I vowed I would never leave a comment at this site again because of all the malicious people but here I am officially breaking my vow and being just as mean as you Angela which I am not proud of. You have to be a jealous vindictive person to be that mean when people are grieving for their loved one. Considering all his awards and achievements Plácido should be the biggest jerk on earth but he is still one of the kindest and most humble people. He will sit and have lunch in the canteen with the staff and sit and crack jokes with the handymen. To stop the vicious controversy by a couple of people his birth certificate was made public a number of years ago. In a time when his close knit family should be mourning for their loved one they have taken the time to keep fans up to date. I for one really appreciate that.

  • Wilbur Pauley says:

    Gail. The topic is not a new one. Get a grip. Isn’t having the subject at hand for your profile picture emblematic of a slight lack of perspective?

    Death is part of life. A press release for this, and bowel movements is really unnecessary.

  • Barbara says:

    I’m glad to read some pleasant and sympathetic comments after the rather griping ones before. It seems to be a very close and loving family: remember the Mexican earthquake?

  • Anne says:

    You are so very wrong about Plácido not being a major player anymore. He sings and conducts all over the world and is still adored as a baritone as he was as a tenor. You really don’t know what you’re talking about.

  • Angela Rodion says:

    It is fascinating to see the comments here and realise how well a publicity machine can work. Not everyone is enamoured of Mr Domingo’s efforts as a baritone, and it is sad to see a much loved artist little by little ruining his fine reputation. An acquaintance of mine in Vienna said “he’s turning into a sort of operatic Nureyev.” Which is true. And as for his conducting, lets not go there. There’s a real difference between being artistically adventurous and artistically greedy.

  • Angela Rodion says:

    Mr Pauley, thank you for your comments. They are appreciated by me. Very much so.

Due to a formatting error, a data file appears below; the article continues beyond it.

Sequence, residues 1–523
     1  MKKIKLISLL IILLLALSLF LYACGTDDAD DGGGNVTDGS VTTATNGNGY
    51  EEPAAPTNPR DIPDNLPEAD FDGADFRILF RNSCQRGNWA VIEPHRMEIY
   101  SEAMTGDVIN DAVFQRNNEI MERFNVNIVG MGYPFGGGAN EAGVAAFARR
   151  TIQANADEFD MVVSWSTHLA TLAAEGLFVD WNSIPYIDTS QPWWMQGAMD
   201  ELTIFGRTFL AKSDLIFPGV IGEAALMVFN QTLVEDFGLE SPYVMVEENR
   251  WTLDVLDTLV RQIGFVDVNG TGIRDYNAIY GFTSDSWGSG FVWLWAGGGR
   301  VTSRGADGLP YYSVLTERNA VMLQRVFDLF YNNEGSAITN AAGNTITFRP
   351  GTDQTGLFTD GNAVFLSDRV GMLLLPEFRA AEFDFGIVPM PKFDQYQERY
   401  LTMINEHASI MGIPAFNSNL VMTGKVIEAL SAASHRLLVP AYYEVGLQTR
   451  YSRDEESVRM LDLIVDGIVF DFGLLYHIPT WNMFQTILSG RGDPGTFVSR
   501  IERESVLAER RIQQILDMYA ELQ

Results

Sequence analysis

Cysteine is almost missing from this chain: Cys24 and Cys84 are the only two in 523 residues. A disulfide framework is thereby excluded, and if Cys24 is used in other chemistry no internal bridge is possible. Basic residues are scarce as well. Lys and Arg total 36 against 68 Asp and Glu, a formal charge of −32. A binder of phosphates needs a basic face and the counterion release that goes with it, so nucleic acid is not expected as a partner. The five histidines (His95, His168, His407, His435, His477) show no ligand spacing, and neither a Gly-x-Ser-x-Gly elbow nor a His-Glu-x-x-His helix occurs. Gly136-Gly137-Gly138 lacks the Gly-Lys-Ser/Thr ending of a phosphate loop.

• James says:

    Wow, the people being mean about Domingo are just so very horrible. I’ve seen some mean-spirited posts in my time but this I think takes the biscuit. The man’s sister has just died – it is normal for a public figure to issue a statement at such a time, especially when he needs to keep his public informed about why he has cancelled performances. I would suggest that this might be one of those times to follow the old adage, if you have nothing nice to say, say nothing. As for his age or prestige – who cares? I for one wish him nothing but comfort, good memories of her and better times.

  • Paul Joschak says:

    Meanwhile, over on Sinfini, poor Chris Gillett gets it in the neck from some rabid Pavarotti fan for an article in which he dares to suggest that Luciano wasn’t renowned for his sight reading abilities. Jeez! – What is it with tenors and their attack dogs?!

  • Angela Rodion says:

    I’m not attacking Domingo, far from it, but I do wonder why he needs to tell the world of his every movement. Of course I have sympathy for his loss. I still wonder though, why he feels the need to broadcast it to the world as if we are waiting on his every utterance. He’s Placido Domingo, not Justin Bieber!!! And I’m afraid some of the commentators here are behaving like Justin Bieber’s fans.

  • Una says:

    No, you’re not attacking Domingo, you are just showing yourself up and such a lack of humanity, and who cares if he’s a baritone, a tenor, 73, 80 101, or a mother losing a child whom we don’t know, losing a child or a brother or a sister? It’s the same, it’s grief, and no one escapes. Always pays to be generous in life, regardless of how much is in the bank. It costs nothing.

  • Anne says:

    September 9, 1983 at the age of 42, the selfless Plácido Domingo flew from New York to San Francisco to save our Opening Night of Otello, broken wrist and all and gave us a night no one will ever forget. Now he is in pain and mourning his beloved sister and all you can do is trash talk such a wonderful man. He’s updating us because he feels badly about all the cancellations due to his sister’s illness. Have a heart…we should all be as caring as he.

  • Larraine Ritchie says:

    Angela you need to get a life I can see you were not brought up to respect ur elders placido Domingo is a gift from God with a voice like that but u must be going deaf if you don’t like him shut up your like a spoilt child wanting to be heard this beautiful man will go down in history you won’t my respects to placidity Domingo and his family for his loss